This delicious veal recipe hails from the Carpathian mountain range. Hence the name veal karpaty. This area is nestled between Ukraine, Romania, Hungary, Slovakia, and Poland and you can see in the cuisine the overlap of cultures. This veal karpaty recipe was taught to me in Ukraine in a village called Voroktha, and it is one of my favorite dishes to introduce people to Carpathian cuisine.
This dish is very home-style and great for a weeknight meal. In fact it is essentially just an Eastern European version of a stir-fry. Feel free to customize it to your liking – because even though white mushrooms are a Carpathian staple, I do know some people don’t like mushrooms.
Another thing to note; Even though this recipe calls for veal you can use regular beef if you find it more convenient. Personally I always use veal as it is more tender but it is also a bit more expensive.
How To Cook Veal Karpaty (Carpathian Veal)
The thing that separates this dish apart from other beef and mushroom dishes is the spices. These spices are commonly used in the Carpathian region and give the dish it’s very satisfying flavor.
600 grams Veal – or tender beef if you prefer.
400 grams Porcini Mushrooms – cut into chunks
1 large Onion – or two medium onions. Sliced into thin rounds.
6 cloves Garlic – thinly sliced
1 tbsp Paprika – paprika gives this veal karpaty its heat, which is unusual for an Eastern European recipe. However it is not that strong and should be easily tolerable for people not used to spicy foods. (Really, it’s paprika not cayenne chili powder).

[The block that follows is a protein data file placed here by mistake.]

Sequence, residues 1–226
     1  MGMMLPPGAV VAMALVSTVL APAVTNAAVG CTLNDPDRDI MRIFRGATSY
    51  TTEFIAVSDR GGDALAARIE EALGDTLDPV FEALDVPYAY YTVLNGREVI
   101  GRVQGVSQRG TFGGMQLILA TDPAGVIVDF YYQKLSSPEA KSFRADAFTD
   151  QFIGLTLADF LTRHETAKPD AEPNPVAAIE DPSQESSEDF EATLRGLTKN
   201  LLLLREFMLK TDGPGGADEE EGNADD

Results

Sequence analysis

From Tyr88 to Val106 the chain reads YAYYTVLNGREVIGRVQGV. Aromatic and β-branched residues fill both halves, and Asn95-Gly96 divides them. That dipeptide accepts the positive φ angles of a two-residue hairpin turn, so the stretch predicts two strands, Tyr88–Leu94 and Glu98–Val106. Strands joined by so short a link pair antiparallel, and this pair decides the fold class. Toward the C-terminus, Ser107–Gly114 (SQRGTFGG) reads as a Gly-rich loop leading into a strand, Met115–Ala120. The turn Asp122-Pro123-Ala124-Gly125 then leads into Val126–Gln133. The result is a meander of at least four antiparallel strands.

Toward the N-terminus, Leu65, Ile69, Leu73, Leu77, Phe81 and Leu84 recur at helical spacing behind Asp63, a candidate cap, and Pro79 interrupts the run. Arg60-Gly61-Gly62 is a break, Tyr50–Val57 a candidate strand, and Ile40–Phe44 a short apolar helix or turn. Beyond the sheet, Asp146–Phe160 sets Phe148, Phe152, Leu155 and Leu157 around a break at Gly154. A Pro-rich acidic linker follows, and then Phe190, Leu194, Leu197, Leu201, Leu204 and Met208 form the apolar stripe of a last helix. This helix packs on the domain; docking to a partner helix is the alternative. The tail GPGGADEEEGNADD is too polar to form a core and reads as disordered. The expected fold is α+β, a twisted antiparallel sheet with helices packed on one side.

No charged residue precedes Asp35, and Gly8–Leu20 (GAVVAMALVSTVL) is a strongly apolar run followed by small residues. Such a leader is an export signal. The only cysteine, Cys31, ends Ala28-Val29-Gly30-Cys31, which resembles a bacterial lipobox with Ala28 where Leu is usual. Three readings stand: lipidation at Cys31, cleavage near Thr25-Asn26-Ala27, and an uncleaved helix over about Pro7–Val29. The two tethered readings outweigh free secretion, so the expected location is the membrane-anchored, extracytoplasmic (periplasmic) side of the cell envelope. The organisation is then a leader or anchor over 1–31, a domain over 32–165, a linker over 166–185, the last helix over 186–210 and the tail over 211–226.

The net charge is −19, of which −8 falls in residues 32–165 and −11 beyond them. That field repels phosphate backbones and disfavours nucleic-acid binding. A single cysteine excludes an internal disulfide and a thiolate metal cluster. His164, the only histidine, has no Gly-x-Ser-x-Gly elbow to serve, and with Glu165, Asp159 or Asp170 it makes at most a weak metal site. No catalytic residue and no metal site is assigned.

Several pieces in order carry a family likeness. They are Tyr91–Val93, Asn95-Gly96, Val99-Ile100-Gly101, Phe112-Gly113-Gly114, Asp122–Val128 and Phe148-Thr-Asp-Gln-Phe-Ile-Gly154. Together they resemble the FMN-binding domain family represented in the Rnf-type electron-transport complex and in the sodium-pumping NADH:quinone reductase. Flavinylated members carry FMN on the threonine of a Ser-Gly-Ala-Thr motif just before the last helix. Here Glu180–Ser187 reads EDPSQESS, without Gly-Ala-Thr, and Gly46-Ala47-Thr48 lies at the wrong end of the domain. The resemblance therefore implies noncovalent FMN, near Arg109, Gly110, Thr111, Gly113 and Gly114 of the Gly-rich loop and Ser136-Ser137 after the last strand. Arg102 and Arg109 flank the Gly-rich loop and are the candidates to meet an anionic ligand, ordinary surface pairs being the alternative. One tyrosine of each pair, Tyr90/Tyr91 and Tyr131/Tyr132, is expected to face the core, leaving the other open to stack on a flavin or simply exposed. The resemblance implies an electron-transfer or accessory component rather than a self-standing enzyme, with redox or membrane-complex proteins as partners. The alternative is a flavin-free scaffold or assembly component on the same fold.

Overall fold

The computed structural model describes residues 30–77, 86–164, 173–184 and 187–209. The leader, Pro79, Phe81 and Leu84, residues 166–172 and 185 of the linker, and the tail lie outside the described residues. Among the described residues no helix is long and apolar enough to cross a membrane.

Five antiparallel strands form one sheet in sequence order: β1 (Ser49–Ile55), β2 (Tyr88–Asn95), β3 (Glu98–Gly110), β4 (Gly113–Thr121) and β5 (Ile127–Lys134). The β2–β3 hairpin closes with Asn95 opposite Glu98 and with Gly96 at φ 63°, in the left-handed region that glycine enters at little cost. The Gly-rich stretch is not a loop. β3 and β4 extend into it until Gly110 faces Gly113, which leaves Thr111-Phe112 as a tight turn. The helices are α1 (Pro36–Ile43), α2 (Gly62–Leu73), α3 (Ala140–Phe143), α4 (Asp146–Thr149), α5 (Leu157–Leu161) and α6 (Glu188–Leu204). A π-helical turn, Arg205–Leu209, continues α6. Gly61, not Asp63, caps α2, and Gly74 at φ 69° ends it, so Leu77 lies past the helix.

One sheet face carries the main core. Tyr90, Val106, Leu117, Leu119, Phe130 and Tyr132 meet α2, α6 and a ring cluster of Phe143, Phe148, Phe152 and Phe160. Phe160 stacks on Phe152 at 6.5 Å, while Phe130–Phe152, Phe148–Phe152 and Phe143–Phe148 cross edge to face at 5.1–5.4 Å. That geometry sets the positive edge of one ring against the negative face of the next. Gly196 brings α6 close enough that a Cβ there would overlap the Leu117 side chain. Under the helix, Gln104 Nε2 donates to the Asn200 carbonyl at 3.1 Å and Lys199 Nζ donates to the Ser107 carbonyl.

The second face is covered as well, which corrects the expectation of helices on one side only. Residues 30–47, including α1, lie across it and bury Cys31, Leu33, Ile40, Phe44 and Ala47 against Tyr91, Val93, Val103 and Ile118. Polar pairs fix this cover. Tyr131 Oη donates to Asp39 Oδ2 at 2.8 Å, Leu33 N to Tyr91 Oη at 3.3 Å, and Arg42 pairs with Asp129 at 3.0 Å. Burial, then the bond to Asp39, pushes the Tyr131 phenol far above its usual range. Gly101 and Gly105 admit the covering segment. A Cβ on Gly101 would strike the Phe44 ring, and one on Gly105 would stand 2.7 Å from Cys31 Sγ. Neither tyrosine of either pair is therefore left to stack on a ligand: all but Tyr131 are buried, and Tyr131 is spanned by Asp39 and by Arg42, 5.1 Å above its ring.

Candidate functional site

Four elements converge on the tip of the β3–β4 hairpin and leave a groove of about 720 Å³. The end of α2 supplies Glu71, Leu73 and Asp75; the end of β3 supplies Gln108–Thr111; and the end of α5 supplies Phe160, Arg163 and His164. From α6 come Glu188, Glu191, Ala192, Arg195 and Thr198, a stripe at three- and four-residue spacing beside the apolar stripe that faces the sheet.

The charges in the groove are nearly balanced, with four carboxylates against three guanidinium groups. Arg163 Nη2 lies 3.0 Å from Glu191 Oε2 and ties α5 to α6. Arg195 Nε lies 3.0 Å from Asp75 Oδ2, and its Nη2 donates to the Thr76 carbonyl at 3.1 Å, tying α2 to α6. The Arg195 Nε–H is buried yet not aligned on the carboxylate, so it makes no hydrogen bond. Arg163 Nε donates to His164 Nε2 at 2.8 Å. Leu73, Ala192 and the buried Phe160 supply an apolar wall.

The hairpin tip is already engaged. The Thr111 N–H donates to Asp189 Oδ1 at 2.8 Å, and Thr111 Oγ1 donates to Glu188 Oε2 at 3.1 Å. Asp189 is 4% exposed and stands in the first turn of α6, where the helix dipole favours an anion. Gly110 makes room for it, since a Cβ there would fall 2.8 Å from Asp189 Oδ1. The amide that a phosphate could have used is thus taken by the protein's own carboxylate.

1 tsp Allspice – smashed
1 tsp Coriander Seed – ground
1/2 tsp Salt – or more to taste
Black Pepper – freshly cracked, to taste
3 tbsp Smetana – or other sour cream. Feel free to add more for a more creamy sauce. Remember the more you add the more mild the spices will be, so if you want to add a lot but keep the flavors strong then you can up the spices as well.
Sunflower Oil – as needed
Thinly slice your veal and place it in a large bowl. Add the paprika, allspice, coriander, salt, black pepper, and a good glug of oil. Give everything a massage to form a uniform marinade.
Heat up a pan to medium high and drop in the veal. Separate it all with a wooden spoon and cook until there is no more red. When the veal is done remove it from the pan and set aside.
There should be some residual oil in the pan from the veal, but feel free to add another glug. Add in the sliced onions and lower the heat to medium. Cook the onions until browned, softened, and slightly reduced. Take care not to burn them.
Once the onions begin to soften add the mushrooms. They will release a lot of water so stir the pan to even out the mushrooms and onions and liquid.
Cook the mushrooms and onions until very reduced (about 50%, reference prior two photos). Then add in the garlic. Stir everything together and let the garlic cook until fragrant.
When you are happy with the cooked-ness of the onions, mushrooms, and garlic, add the smetana. Smetana is a high fat version of sour cream popular in Eastern Europe. If you cannot find smetana, you can use regular sour cream – but find the highest fat % you can. You can also use creme fraiche which is a great substitute.